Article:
Based on our experience, we have identified 6 steps that health care organizations generally need to work through when addressing errors that involve many patients (Box 1
). The timely identification of an error is one of the more difficult steps. Errors are repeated because they are not immediately apparent. Typically, concerns are first raised by a clinician, technician or patient. Based on an initial estimate of the number of people affected, an appropriate sample of records or procedures needs to be reviewed to determine the extent of any further investigation.
Proposed steps to addressing a medical error affecting multiple patients
- Identify the error in a timely fashion. Typically this step is taken because of concern raised by patients or medical personnel about the quality of care given to a group of patients.
- Conduct a review of an appropriate sample of records or procedures to determine the extent of the error.
- If a full review is necessary, identify a project team, establish the scope of the review and determine the resources needed for the review.
- Identify patients who may have been affected by the error and include their records in the review.
- Review clinical records. When an error in laboratory or diagnostic testing has occurred, determine whether the resulting diagnostic report affected the clinician’s decisions, the appropriateness of care provided and the outcomes of that care.
- Inform patients and other stakeholders (e.g., affected hospital personnel, external authorities, insurers, family physicians, other health care institutions and the public). Affected patients need to be followed up individually by the physician who has been most closely involved in managing their care.
If a full review is necessary, then the next challenge facing the institutional leadership is to establish the period of the adverse event and the scope of the review. This step involves identifying a project team and determining the resources needed to undertake a full review. A list of patients who may have been affected by the error needs to be developed and their records included in the review. Staff need to be assigned and trained to perform high-quality and painstaking audits. Reliability checks and quality controls need to be considered in the training phase if more than 1 staff member is assigned to this task.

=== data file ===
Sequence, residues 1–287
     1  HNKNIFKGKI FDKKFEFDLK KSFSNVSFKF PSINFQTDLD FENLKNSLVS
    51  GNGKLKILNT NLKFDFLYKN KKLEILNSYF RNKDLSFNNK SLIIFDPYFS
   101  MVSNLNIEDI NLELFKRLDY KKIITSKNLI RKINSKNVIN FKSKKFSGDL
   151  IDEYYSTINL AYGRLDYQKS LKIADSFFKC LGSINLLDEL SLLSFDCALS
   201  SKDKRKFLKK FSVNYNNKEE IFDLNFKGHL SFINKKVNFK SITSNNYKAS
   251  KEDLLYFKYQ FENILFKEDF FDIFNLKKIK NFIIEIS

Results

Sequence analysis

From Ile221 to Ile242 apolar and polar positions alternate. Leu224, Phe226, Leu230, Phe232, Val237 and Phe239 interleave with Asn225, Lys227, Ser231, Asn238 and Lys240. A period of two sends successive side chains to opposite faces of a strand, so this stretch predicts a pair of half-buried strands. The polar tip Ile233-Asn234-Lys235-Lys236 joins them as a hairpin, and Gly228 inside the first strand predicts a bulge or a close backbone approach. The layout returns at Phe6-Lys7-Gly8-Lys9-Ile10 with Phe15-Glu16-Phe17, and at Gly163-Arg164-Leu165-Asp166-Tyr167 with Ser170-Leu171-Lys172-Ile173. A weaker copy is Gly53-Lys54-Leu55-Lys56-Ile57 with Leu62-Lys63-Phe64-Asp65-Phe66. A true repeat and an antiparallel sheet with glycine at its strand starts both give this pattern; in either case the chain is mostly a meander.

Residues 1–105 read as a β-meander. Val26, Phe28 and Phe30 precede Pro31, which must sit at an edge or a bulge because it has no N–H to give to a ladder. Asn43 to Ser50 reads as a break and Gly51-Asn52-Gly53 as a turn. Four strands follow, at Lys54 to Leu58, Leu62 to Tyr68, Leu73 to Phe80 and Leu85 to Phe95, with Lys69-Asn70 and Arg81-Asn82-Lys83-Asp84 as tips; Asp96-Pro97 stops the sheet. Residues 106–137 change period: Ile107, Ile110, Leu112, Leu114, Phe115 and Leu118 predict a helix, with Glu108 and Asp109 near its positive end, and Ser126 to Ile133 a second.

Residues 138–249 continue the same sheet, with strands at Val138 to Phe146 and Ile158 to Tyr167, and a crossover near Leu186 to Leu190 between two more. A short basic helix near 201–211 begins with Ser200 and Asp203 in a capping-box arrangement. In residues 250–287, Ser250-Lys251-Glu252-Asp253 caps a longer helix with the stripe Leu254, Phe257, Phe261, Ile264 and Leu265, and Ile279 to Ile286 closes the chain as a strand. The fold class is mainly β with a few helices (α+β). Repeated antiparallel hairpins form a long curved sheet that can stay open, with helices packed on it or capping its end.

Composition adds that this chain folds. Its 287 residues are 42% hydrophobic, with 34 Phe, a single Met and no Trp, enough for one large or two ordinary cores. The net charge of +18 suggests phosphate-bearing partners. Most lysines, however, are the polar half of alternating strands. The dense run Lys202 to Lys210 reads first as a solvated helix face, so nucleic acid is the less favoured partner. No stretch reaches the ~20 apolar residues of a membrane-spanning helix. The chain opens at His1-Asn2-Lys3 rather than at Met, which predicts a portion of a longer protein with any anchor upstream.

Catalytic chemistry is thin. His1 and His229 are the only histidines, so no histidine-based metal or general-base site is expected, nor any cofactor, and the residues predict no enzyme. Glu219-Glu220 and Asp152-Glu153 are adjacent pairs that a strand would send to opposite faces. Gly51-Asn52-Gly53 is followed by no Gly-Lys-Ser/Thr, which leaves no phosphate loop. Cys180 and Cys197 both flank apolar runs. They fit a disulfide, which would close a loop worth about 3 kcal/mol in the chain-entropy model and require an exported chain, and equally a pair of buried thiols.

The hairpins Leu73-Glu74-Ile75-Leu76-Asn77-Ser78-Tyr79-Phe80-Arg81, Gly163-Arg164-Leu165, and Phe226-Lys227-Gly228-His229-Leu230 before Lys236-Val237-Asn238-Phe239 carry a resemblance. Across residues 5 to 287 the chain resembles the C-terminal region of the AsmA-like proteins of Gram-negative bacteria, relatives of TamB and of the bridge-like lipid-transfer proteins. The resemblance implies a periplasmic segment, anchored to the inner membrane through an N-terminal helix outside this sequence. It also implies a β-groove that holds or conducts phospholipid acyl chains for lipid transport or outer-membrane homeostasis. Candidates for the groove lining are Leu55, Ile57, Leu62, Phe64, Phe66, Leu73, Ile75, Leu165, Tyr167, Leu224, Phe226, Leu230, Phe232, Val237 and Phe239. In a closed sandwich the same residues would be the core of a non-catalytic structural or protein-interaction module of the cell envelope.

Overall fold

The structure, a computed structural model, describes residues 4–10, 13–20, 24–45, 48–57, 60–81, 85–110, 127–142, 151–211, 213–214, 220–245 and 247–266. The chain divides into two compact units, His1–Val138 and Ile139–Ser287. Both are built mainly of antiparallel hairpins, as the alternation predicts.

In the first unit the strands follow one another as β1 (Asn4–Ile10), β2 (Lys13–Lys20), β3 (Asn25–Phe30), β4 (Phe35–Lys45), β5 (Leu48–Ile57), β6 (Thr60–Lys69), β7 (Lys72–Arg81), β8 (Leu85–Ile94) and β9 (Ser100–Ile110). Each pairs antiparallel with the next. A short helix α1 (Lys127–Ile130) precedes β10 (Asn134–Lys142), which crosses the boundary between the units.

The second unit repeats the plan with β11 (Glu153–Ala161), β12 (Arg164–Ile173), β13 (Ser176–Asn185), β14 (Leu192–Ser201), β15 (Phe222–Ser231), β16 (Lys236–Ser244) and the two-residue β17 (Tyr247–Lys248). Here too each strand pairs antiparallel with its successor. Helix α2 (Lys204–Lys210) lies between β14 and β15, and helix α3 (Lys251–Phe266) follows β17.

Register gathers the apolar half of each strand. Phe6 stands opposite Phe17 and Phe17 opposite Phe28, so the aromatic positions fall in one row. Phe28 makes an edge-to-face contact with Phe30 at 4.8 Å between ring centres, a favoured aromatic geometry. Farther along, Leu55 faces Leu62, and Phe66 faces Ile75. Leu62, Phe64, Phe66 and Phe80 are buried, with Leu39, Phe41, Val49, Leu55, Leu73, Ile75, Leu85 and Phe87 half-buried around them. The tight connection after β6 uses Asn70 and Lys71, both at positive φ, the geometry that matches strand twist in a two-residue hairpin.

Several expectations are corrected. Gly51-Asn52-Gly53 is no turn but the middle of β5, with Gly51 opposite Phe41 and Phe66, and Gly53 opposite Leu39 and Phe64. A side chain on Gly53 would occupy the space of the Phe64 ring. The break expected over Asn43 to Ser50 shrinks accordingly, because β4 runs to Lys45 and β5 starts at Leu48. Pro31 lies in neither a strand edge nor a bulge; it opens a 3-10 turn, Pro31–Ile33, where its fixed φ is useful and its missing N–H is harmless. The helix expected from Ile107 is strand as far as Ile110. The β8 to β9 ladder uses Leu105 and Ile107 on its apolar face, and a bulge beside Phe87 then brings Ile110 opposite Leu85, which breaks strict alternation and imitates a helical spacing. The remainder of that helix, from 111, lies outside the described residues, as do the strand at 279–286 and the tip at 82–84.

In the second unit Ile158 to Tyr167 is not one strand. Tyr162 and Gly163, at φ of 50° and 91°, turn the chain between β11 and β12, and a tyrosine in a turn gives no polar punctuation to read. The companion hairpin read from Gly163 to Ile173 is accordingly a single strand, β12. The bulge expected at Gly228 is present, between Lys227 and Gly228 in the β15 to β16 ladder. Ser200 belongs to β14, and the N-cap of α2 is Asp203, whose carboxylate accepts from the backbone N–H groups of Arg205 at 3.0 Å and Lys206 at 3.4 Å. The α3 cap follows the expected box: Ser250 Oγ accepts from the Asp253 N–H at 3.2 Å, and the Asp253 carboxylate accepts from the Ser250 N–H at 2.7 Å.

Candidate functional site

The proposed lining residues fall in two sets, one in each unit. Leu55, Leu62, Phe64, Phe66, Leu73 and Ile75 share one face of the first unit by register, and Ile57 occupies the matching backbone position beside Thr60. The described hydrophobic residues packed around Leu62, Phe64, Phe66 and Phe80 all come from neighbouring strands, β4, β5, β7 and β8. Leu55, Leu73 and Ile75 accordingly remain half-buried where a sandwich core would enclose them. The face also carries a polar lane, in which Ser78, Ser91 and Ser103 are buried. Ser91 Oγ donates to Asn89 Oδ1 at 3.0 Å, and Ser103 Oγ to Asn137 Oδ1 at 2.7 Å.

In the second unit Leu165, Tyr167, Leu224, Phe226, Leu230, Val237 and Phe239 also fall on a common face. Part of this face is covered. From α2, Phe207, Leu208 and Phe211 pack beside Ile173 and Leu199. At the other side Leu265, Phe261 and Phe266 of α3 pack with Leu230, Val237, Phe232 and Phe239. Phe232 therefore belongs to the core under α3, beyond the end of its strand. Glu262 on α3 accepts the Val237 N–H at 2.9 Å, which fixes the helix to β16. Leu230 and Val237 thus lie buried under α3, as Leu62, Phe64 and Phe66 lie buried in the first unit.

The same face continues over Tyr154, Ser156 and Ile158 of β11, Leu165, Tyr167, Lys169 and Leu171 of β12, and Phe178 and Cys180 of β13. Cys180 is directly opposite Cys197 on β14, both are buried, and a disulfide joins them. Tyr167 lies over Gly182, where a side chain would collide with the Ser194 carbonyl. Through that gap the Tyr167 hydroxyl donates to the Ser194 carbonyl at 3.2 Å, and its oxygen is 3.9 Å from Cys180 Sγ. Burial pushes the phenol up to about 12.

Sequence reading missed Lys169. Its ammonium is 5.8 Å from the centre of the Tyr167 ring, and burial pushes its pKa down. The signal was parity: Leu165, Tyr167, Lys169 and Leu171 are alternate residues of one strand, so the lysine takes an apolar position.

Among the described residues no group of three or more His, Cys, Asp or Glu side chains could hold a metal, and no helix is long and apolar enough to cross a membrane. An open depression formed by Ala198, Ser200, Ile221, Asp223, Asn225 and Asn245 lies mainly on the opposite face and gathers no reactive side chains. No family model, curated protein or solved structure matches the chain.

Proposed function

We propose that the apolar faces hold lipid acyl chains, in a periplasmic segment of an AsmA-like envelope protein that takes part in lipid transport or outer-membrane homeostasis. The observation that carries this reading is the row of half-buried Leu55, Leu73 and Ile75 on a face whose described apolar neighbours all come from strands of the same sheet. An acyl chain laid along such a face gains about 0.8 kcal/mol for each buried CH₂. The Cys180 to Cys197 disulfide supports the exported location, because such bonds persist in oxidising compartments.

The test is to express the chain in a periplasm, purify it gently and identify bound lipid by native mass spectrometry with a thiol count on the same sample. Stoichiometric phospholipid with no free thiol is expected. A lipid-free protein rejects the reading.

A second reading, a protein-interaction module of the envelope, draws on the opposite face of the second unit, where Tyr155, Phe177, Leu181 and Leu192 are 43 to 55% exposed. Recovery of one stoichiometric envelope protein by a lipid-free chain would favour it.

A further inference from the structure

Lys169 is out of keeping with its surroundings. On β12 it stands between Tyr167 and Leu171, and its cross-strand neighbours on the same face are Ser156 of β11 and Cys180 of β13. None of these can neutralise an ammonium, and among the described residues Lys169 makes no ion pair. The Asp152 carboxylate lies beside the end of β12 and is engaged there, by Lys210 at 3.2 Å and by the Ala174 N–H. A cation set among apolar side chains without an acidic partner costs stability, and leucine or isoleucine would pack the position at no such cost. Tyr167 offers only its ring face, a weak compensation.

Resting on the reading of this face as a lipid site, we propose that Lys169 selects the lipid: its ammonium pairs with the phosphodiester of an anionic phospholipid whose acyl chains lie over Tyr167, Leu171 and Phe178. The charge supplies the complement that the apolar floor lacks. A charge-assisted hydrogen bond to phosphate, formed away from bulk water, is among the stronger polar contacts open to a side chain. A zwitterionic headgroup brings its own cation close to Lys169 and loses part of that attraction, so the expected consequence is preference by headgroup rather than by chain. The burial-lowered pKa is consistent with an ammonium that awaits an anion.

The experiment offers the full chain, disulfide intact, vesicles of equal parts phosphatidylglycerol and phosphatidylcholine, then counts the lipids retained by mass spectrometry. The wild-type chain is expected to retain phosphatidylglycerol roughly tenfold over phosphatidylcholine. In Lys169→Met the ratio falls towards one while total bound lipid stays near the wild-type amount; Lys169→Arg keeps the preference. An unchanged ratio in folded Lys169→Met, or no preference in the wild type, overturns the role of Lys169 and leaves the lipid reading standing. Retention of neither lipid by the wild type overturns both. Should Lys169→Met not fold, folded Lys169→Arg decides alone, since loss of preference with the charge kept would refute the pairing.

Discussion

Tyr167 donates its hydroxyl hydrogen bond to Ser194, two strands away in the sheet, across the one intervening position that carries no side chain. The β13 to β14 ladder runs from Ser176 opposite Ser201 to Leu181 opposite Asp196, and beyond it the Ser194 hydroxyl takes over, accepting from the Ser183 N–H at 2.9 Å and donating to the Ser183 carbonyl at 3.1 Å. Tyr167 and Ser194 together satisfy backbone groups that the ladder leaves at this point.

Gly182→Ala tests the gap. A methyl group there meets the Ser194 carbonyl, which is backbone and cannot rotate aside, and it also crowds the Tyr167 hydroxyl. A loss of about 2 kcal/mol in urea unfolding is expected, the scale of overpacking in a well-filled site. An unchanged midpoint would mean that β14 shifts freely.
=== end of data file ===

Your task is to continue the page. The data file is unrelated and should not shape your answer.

When a laboratory or diagnostic testing error has occurred, the review process needs to introduce steps to determine whether the resulting diagnostic report affected the decision-making of the clinician, the appropriateness of the patient care that was delivered and the potential outcomes of that care. Any decisions related to patient care that were made by the clinician on the basis of such a report need to be reviewed by an expert clinician or health care team. Moreover, institutional leaders need to determine the levels of independence required for those who make such evaluations as well as those who evaluate the overall findings of a review. Finally, physicians need to follow up with affected patients who require changes in treatment or have questions about their care.
Another difficult step is determining how and when to inform patients, other affected hospital personnel, external authorities, insurers and other stakeholders such as family physicians, other health care institutions and the public. Often numerous hospital departments need to be involved. Given the workload of the task, conducting a timely review may even require assistance from other health care organizations. Depending on the number of patients involved, months may be needed to determine whether specific patients were affected. Locating and contacting a large number of former patients is not easy. We believe that a disclosure process on this scale should not be initiated or led by the physicians who were directly involved in the error, despite current recommendations to the contrary.2
A clear disclosure plan is a necessity. The plan needs to include a timeline with specific dates and a communication strategy for disclosure to all affected groups, including the public. The specific information to be provided and the names of those who will provide it need to be listed.
A strategy for the management of data is also imperative. The team responsible for carrying out the review process needs to be able to identify, in real time, when all successful and unsuccessful attempts have been made to contact each of the patients affected and other stakeholders. To ensure appropriate sensitivity to the families of affected patients who have since died, protocol needs to be developed outlining the timing and manner of disclosure in these cases. Patients who are incapacitated may need to be contacted through surrogate decision-makers, who will need to be identified.